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Music Review: Kalank

Comments  Comments [ 1 ]    By Shreya S. | 15 April 2019 | 7:59am


Touted to be Dharma Productions pioneer, Yash Johar's dream come true, Kalank (2019) is slated to hit theatres on April 17th. The film is set in the mid 1940s circumventing the partition. Armed with a stellar star-cast consisting of Alia Bhatt, Varun Dhawan, Sonakshi Sinha, Aditya Roy Kapur, Madhuri Dixit Nene and Sanjay Dutt, it captures love, conflicts and fate amidst the rising communal tensions while also promising some memorable performances.


Pritam makes a comeback with the soundtrack of Kalank (2019) after a year and a half, the last addition to his discography being Ae Dil Hai Mushkil (2017); whilst the lyrics of the album are penned by Amitabh Bhattacharya. What we, at India Forums, have gathered so far from the trailer, teaser and other promotional clips has led us to believe that the flick is bound to be epic. We gave the album a listen to gauge if that too held on to the same sentiment. Read on to see what we think of it.

The album opens with "Ghar More Pardesiya", a surreal, semi-classical number. The vocals by the "Pinga" pair, Shreya Ghoshal and Vaishali Mhade, are hypnotizing and heart-warming. The tranquil notes of the sitartabla and a pleasing composition complement the elements from the eternal love tale of Lord Rama and Sita the song employs, evoking heavenly joy. There is also a Radio Cut version of this song on the album which is crisp, yet keeps the essence intact.

The next song on the album is called "First Class". It is crooned energetically by Arijit Singh and Neeti Mohan. While the track, worded heavily in Urdu, is peppy and conceals the desolation in the background with ease, the team's sense of reasoning seems to have gone for a bit of a toss when they used the term first class' that is largely millennial. Barring this blunder, it forms a decent dance track that is enjoyable and catchy.

The third song on the album is the title track. You can feel the agony in Arijit Singh's voice as he sings of deep love, longing and heartache. The lines are imbued with sufficient stunning symbolisms and metaphors. Deja vu might hit if you have ever lent an ear to Singh, Pritam and Bhattacharya's earlier collaborated compositions, such as "Channa Mereya" and yet, this one feels beautiful. However, it is the breath-taking bridge that truly stands out, a bridge that lingers in your mind for days. Shilpa Rao's haunting voice joins in on the duet version of the song as well as the bonus track, multiplying its magic several folds. The bonus track also features some additional enchanting lyrics. In conclusion, every rendition has uniqueness and a charm of its own.

The fourth song on the album "Tabaah Ho Gaye" was supposed to be a melancholy dance track but unfortunately, fails to live up to it. Although it is melodious, it has a connotation of contentment instead of anguish even when it speaks soulfully of heartbreak. The music of the song sung by Ghoshal amazes with its traditional instrumentals but doesn't give out the vibes a classical dance number must radiate. Overall, while this song comes off as a disappointment, it also oddly grows on you.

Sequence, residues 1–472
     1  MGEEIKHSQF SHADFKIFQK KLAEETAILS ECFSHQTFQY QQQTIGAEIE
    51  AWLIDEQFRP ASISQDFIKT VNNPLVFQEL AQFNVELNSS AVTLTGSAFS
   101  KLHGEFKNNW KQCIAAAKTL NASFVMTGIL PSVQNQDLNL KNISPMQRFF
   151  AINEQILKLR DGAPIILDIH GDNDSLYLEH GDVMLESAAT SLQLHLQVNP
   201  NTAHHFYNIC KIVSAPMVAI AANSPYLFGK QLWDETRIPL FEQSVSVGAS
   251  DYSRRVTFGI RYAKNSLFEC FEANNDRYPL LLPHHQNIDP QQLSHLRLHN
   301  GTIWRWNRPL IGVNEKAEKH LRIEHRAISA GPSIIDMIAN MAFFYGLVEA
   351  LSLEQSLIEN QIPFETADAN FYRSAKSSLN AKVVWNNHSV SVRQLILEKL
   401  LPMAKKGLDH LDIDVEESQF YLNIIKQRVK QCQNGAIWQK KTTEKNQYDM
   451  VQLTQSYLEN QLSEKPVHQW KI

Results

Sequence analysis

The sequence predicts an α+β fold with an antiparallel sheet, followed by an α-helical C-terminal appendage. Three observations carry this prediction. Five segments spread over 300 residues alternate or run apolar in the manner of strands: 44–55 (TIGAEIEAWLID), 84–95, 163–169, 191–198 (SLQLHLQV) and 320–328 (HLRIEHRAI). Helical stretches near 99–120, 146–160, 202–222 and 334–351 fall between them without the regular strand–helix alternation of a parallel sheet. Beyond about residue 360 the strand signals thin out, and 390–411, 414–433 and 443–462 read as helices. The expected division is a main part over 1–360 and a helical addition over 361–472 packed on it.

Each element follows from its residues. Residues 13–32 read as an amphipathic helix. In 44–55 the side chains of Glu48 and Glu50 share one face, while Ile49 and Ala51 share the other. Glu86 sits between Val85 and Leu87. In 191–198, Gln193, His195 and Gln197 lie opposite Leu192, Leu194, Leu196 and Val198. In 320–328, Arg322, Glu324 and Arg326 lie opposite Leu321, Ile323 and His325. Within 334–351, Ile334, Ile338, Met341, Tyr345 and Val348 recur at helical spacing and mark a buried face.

The fifth song on the album "Aira Gaira" is yet another dance number. The composition is groovy and upbeat, and Antara Mitra's bold voice becomes the mood of the song. Javed Ali and Tushar Joshi handle the plain male vocals that seem to have a hint of qawali. The outlandish lyrics usher in mischief but seem vulgar and inappropriate at some points, leaving us slightly less impressed. An extended version of the song also makes it into the album.

The final song on the album is called "Rajvaadi Odhni". Lending her sweet voice to this track is Jonita Gandhi. The song has Rajasthani folk music feels and is free-spirited and uplifting. The lyrics are full of life and colour, making it an exciting listen.

The Kalank (2019) album offers variety and vibrance apart from the central theme of pain. It also seeks to depict culture and tradition with the use of folk and classical music which is appreciable. On the other hand, the background score of Kalank (2019) has received backlash for being blatantly copied from a popular American show. However, despite having its fair share of let downs and certain tracks that look too extravagant to belong to the British era, the album does manage to stir souls while paying allegiance to our rich heritage, for which we give it a good 3 out of 5 stars.

We urge you to tune in to your favourite streaming website to give this album a listen and let us know your thoughts before you head to the nearest theatres to catch Kalank. Here's wishing the film's team all the very best for its release on April 17th.


Writer: Ramya K.

Editors: Anushka J. and Mohini N.

Graphics: Liana G. and Sandhya D.

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